Many churches throughout the world use a Bible reading schedule called a "lectionary." It's just a fancy word meaning "selected readings." Posts like this reflect on the readings for an upcoming Sunday or other Church holiday, as found in the historic one-year lectionary.
Communion is a divisive issue. Yet that very statement itself seems self-contradictory. How can "communion" - a celebration that recognizes unity - be divisive?
In 1 Corinthians 11:23-32 the apostle Paul describes Jesus' words as he instituted this repeating feast of the Church. As often as you eat and drink it, remembering the Lord's death until he comes, you also recognize the unity you have in Christ.
Martin Luther describes our preparedness for communion in terms of recognizing that it is "for you." When the Christian recognizes that here we receive Christ's body and blood, and that they are for us, the realization is also, "This is for me, for my good, to strengthen me in the faith, to realize that Jesus' broken body is for me."
Through many generations, Christians have tried to explain the nature of the body and blood and their presence in communion. This is an important discussion, one we need to keep having. Many would argue that the problems concerning our definition of the true presence of Christ in communion all have to do with our attempts to describe something in ways that go beyond Scripture. This is why, for instance, Lutherans, Roman Catholics, Orthodox, and more radical branches of Protestantism will normally not receive communion together. It's because in our attempts to describe the nature of the body and blood we have reached different conclusions about whether Jesus is present and in what way.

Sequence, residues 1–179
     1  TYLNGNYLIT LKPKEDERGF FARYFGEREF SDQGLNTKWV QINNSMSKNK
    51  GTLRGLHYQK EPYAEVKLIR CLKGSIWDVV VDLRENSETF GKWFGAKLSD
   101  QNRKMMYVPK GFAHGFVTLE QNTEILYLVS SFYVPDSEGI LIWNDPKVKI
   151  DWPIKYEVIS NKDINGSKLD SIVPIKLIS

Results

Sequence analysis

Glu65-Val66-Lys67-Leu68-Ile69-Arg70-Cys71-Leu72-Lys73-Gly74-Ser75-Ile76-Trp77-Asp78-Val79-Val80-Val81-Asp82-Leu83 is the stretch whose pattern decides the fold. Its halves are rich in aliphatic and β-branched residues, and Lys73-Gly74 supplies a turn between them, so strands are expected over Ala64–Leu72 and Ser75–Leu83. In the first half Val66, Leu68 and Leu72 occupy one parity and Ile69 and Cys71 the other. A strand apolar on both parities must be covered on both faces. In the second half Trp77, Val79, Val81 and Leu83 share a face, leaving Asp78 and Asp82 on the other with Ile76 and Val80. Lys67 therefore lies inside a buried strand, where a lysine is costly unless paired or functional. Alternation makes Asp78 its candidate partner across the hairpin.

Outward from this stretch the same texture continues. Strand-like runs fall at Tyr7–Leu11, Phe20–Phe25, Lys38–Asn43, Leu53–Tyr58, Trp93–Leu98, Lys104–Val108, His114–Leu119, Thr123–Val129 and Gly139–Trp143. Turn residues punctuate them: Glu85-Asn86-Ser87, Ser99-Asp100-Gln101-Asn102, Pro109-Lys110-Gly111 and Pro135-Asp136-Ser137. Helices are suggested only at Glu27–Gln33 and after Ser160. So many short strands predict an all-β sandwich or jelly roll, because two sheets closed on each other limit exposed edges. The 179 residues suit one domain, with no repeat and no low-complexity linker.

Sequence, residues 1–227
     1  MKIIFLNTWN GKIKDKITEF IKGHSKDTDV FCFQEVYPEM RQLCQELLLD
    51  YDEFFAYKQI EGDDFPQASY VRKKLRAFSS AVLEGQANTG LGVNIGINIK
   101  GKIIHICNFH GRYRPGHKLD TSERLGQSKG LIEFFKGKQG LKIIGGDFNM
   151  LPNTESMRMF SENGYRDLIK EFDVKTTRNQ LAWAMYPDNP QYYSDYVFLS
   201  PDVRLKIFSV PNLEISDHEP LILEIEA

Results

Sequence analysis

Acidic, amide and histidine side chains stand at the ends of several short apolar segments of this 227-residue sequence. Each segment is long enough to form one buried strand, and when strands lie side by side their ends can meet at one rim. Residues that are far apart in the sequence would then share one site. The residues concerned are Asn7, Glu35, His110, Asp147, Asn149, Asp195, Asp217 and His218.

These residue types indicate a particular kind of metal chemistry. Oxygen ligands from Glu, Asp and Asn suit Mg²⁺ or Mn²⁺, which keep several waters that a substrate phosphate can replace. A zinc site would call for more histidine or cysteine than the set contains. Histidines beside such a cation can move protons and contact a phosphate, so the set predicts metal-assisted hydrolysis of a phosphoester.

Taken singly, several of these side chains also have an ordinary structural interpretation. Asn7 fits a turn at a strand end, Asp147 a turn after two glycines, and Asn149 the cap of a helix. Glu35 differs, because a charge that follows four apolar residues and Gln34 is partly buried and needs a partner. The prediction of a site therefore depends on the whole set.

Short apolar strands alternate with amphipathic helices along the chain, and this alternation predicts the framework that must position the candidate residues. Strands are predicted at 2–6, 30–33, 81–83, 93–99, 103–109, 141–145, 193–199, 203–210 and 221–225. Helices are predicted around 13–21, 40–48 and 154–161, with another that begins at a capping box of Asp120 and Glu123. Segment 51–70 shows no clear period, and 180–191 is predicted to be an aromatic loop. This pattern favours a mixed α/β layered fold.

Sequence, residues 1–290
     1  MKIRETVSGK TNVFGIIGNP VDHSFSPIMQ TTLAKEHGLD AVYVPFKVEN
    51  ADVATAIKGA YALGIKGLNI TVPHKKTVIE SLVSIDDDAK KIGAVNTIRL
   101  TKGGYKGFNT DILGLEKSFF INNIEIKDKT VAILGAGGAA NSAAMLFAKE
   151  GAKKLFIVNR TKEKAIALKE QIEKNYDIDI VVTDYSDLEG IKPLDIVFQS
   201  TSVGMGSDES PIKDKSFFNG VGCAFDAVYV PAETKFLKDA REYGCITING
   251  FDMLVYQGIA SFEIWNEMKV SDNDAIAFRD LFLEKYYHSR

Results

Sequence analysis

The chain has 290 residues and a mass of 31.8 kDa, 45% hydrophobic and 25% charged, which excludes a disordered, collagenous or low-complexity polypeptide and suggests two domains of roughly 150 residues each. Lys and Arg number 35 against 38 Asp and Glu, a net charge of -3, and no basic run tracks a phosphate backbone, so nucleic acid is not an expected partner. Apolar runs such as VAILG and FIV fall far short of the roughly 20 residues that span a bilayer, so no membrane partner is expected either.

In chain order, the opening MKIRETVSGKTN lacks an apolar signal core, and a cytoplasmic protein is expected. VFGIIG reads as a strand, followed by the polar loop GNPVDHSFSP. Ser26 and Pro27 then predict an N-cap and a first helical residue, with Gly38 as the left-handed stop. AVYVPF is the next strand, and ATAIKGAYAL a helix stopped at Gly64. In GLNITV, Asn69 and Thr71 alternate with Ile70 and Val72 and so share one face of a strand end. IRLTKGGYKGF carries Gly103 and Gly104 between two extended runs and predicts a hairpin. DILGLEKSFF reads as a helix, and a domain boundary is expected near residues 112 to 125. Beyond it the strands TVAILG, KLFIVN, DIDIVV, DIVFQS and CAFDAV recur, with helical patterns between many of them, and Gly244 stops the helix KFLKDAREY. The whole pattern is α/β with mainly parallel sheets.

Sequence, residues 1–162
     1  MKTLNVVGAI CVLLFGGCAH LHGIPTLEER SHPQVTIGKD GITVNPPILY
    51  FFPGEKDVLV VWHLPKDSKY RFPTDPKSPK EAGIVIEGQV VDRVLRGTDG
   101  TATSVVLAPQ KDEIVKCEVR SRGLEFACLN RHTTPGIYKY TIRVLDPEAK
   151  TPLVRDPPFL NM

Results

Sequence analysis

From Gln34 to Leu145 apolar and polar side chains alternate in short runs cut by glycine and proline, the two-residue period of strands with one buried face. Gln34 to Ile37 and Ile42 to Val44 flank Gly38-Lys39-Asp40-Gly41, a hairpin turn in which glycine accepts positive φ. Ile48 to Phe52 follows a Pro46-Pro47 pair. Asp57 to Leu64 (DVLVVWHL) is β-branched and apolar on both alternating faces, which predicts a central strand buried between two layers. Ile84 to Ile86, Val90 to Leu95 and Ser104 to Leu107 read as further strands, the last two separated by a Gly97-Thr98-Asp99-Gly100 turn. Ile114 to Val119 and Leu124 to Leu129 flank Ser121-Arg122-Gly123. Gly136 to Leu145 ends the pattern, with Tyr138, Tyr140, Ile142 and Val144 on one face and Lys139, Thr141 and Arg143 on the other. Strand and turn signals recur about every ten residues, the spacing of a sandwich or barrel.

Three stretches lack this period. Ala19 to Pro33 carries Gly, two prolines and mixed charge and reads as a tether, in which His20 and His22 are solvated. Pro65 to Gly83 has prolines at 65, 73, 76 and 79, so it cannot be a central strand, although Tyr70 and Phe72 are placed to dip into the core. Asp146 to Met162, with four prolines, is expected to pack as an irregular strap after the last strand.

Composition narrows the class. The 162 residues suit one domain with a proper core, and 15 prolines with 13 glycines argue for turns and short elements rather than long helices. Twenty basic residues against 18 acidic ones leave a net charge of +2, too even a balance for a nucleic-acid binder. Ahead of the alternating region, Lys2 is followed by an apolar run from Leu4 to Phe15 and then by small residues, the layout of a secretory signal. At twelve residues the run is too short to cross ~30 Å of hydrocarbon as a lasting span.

The Scripture will have none of this. The Bible simply tells us it is Jesus' body and blood for us. How can this be? We really can't explain it.
At its heart, though, Christianity isn't about explanation. It is about reception of God's forgiving work in Christ by faith. It is about recognizing that when the pastor puts the host in your mouth, when you drink from the cup, you are receiving Jesus' body and blood and that it is for you. A failure to recognize it as "for you" is what Paul describes as eating and drinking in an "unworthy" manner.
Am I saying here that the right understanding of the presence of Jesus in his body and blood is not important? No, it is important. But the very most important issue is whether it is for you.
Jesus has given his body to be broken for you. He gave his blood to be shed for you. It is for you to receive, as often as you eat and drink it. I would like everyone to reach the conclusion that it is a literal taking part in the body and blood of Christ (1 Corinthians 10). But even more importantly, let's be sure we know that it is Jesus for you.
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